Can't Buy Happiness?

Money, personality, and well-being

What Life Experiences Appeal to Materialists?

Determining the experiential purchases preferences of materialists

People frequently spend their money to be happy. Research demonstrates that, compared to material purchases, experiential purchases (activities and events, such as concerts or vacations) contribute to greater happiness, relatedness, and are a better use of money. However, experiences range from dancing to fishing or art shows. A person can have fun while either drinking with friends at their favorite local bar or while hiking alone in the mountains. There are so many experiential choices people can make.

Also, even though materialists, by definition, consume fewer life experiences than experiential consumers, they do spend money on life experiences and, presumably, differ in their preferences for particular life experiences. So, what life experiences appeal particularly to materialists? Researchers at BeyondThePurchase.Org are beginning to discover the answer.

See All Stories In

Breaking Up Is Hard to Do

Love can be a minefield.

Find a Therapist

Search for a mental health professional near you.

Consumer psychologists, including James Burroughs and Aric Rindfleisch, have demonstrated that materialists tend to value hedonism. Because materialists value hedonism, we aimed to determine if materialists prefer more hedonistic life experiences. The relationships between participants' materialistic values and their experiential purchasing preferences demonstrated that materialists preferred:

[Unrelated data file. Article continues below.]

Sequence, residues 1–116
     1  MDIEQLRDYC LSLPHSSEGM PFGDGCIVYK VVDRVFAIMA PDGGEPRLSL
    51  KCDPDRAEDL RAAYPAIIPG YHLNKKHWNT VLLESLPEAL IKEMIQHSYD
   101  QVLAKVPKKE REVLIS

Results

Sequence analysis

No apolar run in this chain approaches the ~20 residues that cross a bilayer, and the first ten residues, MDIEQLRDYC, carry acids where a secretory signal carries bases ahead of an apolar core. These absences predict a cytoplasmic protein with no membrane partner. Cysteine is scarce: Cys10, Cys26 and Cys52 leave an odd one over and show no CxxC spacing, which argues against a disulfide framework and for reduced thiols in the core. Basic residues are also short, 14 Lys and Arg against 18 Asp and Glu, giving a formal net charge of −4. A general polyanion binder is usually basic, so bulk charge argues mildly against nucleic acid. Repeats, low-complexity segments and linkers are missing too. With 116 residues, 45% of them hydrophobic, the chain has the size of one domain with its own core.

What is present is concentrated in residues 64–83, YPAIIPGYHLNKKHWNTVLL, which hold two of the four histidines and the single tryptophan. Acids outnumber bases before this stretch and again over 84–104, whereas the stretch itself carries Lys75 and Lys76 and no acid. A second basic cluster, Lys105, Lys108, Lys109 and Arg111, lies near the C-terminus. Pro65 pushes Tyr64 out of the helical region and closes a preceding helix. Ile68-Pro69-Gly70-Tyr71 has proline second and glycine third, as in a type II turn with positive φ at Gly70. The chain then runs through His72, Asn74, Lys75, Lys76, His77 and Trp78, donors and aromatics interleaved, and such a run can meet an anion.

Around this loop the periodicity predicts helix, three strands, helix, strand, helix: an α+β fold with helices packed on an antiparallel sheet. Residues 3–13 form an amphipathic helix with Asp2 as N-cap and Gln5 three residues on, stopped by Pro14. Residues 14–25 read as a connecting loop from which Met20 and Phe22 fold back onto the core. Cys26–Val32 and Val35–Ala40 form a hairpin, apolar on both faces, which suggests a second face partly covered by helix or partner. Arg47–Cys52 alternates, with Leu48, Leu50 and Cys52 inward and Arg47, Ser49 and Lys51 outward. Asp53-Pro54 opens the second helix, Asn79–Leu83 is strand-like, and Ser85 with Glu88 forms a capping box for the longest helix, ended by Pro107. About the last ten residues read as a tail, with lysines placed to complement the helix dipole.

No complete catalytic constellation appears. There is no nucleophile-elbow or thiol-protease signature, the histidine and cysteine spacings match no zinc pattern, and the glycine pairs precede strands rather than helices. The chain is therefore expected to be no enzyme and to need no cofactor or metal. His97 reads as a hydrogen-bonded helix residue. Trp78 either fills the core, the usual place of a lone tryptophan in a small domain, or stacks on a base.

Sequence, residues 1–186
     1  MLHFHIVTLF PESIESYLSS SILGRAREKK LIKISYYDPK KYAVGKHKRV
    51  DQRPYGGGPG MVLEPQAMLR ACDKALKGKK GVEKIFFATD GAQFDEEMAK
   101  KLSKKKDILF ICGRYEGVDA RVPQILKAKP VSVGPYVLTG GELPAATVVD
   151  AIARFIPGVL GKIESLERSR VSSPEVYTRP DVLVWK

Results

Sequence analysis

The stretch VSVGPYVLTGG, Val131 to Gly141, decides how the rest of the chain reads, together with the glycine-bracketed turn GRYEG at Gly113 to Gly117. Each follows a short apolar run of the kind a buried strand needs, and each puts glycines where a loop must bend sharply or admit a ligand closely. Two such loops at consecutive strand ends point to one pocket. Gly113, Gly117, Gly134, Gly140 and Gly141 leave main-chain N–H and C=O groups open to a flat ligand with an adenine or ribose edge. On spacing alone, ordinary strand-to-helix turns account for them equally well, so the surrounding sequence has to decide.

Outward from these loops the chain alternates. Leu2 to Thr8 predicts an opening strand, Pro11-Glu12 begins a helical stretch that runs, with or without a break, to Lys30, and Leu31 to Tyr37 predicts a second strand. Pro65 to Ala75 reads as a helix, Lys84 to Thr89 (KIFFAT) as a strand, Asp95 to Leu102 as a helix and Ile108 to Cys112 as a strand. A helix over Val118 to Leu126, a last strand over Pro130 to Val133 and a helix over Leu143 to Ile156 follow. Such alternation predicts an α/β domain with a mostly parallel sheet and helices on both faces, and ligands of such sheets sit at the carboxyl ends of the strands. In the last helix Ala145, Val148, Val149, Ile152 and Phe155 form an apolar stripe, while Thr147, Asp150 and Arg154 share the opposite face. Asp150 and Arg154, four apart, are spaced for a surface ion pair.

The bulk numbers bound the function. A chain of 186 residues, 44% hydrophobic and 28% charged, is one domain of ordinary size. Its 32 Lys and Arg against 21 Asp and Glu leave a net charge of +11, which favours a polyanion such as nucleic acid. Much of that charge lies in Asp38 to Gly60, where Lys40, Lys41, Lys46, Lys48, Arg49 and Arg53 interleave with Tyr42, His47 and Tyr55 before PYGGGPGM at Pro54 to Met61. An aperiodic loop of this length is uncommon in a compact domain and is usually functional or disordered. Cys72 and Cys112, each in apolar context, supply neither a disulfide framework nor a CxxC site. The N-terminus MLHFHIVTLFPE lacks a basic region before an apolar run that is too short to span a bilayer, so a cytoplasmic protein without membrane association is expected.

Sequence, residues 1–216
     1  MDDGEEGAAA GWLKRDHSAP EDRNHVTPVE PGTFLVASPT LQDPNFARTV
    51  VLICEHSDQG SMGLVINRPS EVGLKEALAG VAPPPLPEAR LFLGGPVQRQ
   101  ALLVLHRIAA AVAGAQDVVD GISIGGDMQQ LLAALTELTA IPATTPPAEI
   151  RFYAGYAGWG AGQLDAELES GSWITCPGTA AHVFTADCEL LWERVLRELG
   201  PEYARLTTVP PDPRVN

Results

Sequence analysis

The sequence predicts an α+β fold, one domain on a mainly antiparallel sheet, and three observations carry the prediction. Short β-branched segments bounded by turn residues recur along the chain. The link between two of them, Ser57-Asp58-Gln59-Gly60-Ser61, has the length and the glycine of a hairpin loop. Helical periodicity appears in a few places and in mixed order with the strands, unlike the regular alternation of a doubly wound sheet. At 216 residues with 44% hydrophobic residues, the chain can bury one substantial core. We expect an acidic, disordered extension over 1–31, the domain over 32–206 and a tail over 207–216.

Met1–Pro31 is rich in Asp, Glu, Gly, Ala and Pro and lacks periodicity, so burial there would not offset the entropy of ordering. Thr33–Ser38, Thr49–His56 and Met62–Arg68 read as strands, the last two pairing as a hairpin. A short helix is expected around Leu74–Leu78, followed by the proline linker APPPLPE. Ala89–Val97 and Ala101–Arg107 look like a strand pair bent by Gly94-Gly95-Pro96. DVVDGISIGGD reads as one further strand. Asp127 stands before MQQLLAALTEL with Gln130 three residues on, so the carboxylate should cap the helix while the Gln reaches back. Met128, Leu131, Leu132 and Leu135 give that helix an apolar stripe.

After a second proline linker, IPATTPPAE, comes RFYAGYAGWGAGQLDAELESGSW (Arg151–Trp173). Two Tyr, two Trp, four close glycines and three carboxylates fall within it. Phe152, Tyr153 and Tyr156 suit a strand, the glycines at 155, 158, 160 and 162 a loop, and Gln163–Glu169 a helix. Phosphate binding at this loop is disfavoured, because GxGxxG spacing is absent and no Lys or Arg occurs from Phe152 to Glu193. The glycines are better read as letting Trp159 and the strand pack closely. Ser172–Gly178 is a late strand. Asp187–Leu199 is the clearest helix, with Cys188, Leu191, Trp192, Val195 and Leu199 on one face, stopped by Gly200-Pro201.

(1) attending bars and clubbing,

(2) self-pampering,

(3) skiing,

(4) theme parks.

However, they did not prefer the arts. Possibly, attending art galleries is too passive for people who value immediate excitement and fun. In sum, these results indicate that materialists prefer experiences that are highly pleasurable, require low cognitive effort, stimulate the senses, and signal high social standing.

These results extend the work by Mehmet Mehmetoglu who reported that different personality traits make people more likely to enjoy some experiences more than others. For instance, people who are more neurotic and open to experiences are more likely to enjoy the arts. The neurotic individuals will appreciate the non-risky aspect of museums while the people open to experience will better appreciate the diversity and unfamiliarity of modern art. Also, individuals who are agreeable and conscientious will find greater joy in traditional nature activities, such as mountain tours or fishing, because those often involve group cooperation and meeting the needs of others.

So what life experiences appeal to you?

At BeyondThePurchase.Org, we are researching the connection between people’s spending habitshappiness, and values. To find out more about which life expereinces appeal most to you, first Login or Register with Beyond The Purchase and then take our Experiential Preferences Scale and then List of Values Scale. We think you may learn a lot about how you and why you spend your money the way you do.

Masha Ksendzova, a research assistant in the Personality and Well-being Lab at San Francisco State University, contributed to this entry.

Ryan T. Howell, Ph.D., is an Assistant Professor of Psychology at San Francisco State University.

more...

Subscribe to Can't Buy Happiness?

Current Issue

Let It Go!

It can take a radical reboot to get past old hurts and injustices.